Processor 142 of FIGS. 3 and 4 may also be used to implement the Null strategy of the present invention for enrollment. In the Null strategy, the models data from models database 143 comprises noise models for silence, inhalation, exhalation, lip smacking, adaptable channel noise, and other identifiable noises which are not parts of a word, but which can be identified. These types of noise within an input utterance are identified by identifier 152 and provided to controller 150 on connection 148. Controller 150 then segregates portions of the input utterance from the identified noise, and the segregated portions may then be stored in enrolled word database 144.
FIG. 5 illustrates a "hidden Markov Model-based" (HMM) state diagram of the Null strategy having six states. Hidden Markov Modelling is described in "A Model-based Connected-Digit Recognition System Using Either Hidden Markov Models or Templates", by L. R. Rabiner, J. G. Wilpon and B. H. Juang, COMPUTER SPEECH AND LANGUAGE, Vol. I, pp. 167-197, 1986. Node 153 continually loops during conditions such as silence, inhalation, or lip smacking (denoted by F-- BG). When a word such as "call" is spoken, state 153 is left (since, the spoken utterance is not recognized from the models data), and flow passes to node 154. The utilization of node 153 is optional, such that alternative embodiments may begin operation immediately at node 154. Also, in another alternative embodiment, the word "call" may be replaced by another command word such as "dial". At node 54, an XWORD may be encountered and stored, in which case control flows to node 155. Alternatively, the word "call" may be followed by a short silence (denoted by I-- BG), in which case control flows to node 156. At node 156, an XWORD is received and stored, and control flows to node 155. Node 155 continually loops so long as exhalation or silence is encountered (denoted by E-- BG). When neither exhalation nor silence is encountered at node 155, if an XWORD is immediately encountered, control flows to node 158 which stores the XWORD. Alternatively, if a short silence (I-- BG) precedes the XWORD, then control flows to node 160. At node 160, the XWORD is received and stored, and control flows to node 158. Node 158 then continually loops while exhalation or silence is encountered. By using the Null strategy for enrollment, a variable number of XWORDs may be enrolled, such that a speaker may choose to enroll one or more words during a particular enrollment. I-BG and E-BG may optionally represent additional types of noise models, such as models for adapted channel noise, exhalation, or lip-smacking.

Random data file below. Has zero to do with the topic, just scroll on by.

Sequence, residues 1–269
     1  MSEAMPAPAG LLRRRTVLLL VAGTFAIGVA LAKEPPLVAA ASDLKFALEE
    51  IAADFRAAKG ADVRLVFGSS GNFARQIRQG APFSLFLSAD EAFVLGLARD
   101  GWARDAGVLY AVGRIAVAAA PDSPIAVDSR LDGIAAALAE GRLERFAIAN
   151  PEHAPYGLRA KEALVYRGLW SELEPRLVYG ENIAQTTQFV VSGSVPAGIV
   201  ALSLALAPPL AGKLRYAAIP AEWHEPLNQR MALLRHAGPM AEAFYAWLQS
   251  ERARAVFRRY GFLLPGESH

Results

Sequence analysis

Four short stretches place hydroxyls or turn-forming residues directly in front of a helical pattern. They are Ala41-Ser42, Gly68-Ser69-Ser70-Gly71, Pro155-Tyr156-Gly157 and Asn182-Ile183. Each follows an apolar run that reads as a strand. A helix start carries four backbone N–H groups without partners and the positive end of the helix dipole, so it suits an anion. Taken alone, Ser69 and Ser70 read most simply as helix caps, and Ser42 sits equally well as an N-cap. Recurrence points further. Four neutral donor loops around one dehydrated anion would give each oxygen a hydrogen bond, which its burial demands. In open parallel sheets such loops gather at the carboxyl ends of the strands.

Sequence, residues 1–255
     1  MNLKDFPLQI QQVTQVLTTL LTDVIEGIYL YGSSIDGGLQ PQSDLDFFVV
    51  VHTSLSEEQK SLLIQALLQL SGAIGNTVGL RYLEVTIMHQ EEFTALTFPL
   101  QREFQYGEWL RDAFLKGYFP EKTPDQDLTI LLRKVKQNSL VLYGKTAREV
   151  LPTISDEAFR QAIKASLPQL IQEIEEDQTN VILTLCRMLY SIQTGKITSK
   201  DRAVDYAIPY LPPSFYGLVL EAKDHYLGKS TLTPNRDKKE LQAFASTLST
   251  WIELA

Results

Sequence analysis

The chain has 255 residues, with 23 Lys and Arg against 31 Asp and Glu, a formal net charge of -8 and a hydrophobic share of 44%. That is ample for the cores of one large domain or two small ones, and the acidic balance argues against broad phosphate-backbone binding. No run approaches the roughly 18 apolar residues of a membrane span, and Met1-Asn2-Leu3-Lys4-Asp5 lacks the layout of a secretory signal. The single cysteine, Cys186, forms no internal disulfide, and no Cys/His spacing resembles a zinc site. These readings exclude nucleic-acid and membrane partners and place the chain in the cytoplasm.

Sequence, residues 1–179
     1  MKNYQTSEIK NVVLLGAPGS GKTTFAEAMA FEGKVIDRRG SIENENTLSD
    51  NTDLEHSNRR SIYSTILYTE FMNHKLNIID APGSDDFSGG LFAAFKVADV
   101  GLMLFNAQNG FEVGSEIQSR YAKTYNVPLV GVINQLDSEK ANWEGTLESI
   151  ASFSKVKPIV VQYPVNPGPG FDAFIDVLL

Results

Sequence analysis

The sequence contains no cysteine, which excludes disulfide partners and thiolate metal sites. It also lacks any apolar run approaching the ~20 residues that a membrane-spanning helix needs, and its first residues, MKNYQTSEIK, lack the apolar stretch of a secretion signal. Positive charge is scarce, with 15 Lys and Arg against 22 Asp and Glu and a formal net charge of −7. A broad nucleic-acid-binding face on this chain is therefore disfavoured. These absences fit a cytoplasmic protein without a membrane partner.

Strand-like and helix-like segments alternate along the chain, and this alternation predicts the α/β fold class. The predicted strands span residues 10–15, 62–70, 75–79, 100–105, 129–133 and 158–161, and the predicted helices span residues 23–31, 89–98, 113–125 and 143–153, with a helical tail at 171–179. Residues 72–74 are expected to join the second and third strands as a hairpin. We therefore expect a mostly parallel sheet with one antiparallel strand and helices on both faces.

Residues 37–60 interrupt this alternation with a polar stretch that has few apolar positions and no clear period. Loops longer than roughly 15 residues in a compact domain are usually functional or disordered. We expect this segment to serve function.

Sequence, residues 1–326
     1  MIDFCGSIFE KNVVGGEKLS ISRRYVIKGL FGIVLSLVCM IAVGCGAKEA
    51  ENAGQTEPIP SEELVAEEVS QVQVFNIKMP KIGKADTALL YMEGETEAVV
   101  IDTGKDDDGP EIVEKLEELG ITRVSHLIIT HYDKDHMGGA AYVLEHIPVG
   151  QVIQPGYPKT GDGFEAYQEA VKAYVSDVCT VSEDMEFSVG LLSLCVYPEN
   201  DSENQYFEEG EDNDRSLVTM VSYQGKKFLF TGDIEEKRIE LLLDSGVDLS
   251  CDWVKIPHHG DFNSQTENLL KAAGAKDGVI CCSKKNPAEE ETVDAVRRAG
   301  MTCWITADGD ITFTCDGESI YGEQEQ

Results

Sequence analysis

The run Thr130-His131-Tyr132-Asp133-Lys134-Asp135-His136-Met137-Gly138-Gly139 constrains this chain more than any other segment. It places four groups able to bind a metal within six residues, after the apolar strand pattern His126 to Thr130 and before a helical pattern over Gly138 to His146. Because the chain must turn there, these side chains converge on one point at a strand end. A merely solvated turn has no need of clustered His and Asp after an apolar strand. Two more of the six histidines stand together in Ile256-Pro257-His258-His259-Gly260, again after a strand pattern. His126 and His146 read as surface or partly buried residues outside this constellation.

FIGS. 6a-e illustrate the frame-by-frame analysis utilized by the Null strategy of the preferred embodiment. FIG. 6a illustrates a manual determination of starting points and termination points for three separate words in an input utterance. As shown in FIG. 6a, the word "call" begins at frame 24 (time=24 × 20 ms) and terminates at frame 75. The word "Edith" begins at frame 78 and terminates at frame 118. The word "Godfrey" begins at frame 125 and terminates at frame 186.
In FIGS. 6b-e, each frame (20 ms) of the input utterance is separately analyzed and compared against models stored in a database. Examples of such models include inhalation, lip smacking, silence, exhalation and short silence of a duration, for example, between 20 ms and 400 ms. Each frame either matches or fails to match one of the models. A variable recognition index (N) may be established, and each recognized frame may be required to achieve a recognition score against a particular model which meets or exceeds the specified recognition index (N). The determination of a recognition score is described further in U.S. Pat. No. 4,977,598, by Doddington et al., entitled "Effective Pruning Algorithm For Hidden Markov Model Speech Recognition", which is incorporated by reference herein.
In FIG. 6b, a recognition index of N=2 is established. As shown, frames 1-21 sufficiently correlated with models for inhalation ("Inhale") and silence ("S"), but frames 22-70 were not sufficiently recognized when compared against the models. Similarly, frames 70-120 are not sufficiently recognized to satisfy the recognition index of N=2. Consequently, frames 71-120 are identified as being an XWORD which, in this case, is "Edith".